This is problematic, really. If we have to, we can live without a fossil fuel. Living without safe drinking water, though, is a non-starter, of course. There is a real problem in being able to ignite your own drinking water.

And if that stuff is escaping into the drinking water, then it’s escaping from the formations that have that water as well, and into the atmosphere. That is the concern of the new study in th article I linked to.

People here can hold forth in all different kinds of opinion as to what’s happening with shale gas drilling, but ultimately it’s the reality of what’s going on that we must determine, and that we must heed, because nature will not give us a pass on the objective consequences of these techniques, just because we have a political disagreement with the credibliity of science that’s not sponsored by Koch Industries.

I think the smart thing to assume, after decades worth of American and world history is that there are some people willing to do stupid things, and things that damage other people’s interests, even their own community, if it allows them the gain they seek. Some people just think that way. Others simply learn helplessness, decide that nothing’s going to change, and as such, don’t change themselves, or push for change.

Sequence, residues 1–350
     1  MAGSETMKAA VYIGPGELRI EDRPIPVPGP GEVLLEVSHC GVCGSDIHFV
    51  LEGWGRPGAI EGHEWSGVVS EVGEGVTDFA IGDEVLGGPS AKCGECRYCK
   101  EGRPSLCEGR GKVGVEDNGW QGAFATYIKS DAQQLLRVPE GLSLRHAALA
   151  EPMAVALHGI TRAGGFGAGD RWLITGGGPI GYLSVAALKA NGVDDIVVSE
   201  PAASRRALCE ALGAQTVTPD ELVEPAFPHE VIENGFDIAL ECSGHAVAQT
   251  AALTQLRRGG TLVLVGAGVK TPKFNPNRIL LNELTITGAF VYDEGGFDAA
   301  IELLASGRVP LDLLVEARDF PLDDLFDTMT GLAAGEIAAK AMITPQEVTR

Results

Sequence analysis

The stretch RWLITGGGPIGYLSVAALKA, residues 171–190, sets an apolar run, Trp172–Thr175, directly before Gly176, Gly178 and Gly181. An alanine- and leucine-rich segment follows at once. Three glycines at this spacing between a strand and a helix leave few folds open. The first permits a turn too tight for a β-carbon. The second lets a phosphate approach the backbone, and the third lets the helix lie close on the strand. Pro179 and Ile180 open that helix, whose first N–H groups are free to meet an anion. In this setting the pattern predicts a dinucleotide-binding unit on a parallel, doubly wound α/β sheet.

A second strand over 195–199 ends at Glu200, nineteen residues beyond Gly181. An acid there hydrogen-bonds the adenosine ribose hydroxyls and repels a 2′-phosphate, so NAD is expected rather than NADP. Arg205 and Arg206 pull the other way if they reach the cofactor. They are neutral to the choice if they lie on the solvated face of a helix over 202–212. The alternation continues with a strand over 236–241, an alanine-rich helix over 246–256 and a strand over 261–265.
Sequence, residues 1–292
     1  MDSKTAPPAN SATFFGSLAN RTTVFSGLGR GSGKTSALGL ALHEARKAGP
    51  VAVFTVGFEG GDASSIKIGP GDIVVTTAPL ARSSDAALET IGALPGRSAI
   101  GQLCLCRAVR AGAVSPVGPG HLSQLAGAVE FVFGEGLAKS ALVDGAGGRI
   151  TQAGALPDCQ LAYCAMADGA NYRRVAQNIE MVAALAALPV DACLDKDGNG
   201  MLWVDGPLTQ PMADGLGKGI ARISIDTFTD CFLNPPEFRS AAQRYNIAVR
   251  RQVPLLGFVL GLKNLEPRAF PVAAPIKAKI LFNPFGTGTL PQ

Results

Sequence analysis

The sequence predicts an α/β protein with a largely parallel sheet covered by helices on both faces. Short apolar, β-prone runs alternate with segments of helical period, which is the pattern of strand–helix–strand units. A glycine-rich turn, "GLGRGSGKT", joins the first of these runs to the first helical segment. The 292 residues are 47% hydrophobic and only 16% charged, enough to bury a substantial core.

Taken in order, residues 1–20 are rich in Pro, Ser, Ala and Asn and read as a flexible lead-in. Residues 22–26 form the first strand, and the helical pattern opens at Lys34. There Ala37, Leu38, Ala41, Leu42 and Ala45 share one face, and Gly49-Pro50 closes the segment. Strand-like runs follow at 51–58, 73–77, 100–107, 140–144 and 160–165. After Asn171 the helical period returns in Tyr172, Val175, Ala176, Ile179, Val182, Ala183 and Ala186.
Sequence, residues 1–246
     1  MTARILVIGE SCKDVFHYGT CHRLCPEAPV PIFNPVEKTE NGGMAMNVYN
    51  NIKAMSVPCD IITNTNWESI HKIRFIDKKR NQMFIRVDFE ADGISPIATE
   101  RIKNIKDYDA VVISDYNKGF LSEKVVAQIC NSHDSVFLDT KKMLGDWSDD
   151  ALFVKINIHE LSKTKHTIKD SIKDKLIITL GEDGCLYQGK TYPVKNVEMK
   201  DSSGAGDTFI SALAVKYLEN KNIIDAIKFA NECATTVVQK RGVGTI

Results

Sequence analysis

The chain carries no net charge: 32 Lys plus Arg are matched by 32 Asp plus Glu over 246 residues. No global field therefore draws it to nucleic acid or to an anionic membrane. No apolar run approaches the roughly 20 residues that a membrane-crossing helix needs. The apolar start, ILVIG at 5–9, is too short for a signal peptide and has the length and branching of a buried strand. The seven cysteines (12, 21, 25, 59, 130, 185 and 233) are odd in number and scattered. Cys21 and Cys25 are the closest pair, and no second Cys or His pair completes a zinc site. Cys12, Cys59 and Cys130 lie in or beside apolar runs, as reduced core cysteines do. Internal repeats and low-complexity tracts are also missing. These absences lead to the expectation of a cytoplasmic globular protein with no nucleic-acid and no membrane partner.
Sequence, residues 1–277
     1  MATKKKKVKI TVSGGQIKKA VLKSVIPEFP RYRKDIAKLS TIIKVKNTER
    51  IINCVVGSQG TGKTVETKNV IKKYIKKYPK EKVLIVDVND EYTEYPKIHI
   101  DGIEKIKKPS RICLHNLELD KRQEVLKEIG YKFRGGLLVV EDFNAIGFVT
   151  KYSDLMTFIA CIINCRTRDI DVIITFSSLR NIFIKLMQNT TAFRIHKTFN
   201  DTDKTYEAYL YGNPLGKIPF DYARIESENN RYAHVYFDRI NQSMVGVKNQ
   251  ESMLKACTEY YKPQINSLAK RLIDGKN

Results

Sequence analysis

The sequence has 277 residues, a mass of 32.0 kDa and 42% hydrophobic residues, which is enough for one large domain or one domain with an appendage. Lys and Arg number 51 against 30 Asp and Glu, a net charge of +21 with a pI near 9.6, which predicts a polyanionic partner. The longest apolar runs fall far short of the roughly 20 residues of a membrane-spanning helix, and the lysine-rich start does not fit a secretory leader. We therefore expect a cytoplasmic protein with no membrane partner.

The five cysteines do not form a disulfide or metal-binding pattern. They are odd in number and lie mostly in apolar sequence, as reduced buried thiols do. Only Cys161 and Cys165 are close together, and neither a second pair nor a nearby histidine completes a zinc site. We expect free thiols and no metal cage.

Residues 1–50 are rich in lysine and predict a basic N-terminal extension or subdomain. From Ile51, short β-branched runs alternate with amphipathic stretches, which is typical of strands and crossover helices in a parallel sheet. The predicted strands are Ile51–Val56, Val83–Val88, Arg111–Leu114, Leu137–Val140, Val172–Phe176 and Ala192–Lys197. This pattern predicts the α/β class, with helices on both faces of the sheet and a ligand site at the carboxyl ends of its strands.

And some? Some just have a bone to pick with those who are talking about these risks, and they think that they’re in some sort of conspiracy to push some ulterior agenda.

But none of that matters to the basic physics and chemistry of what’s going on.

I think if we allow ourselves to acknowledge the problems where they do exists, we can engineer solutions or safeguards, or at the very least acknowledge that other alternatives might be best, and focus our resources on improving those.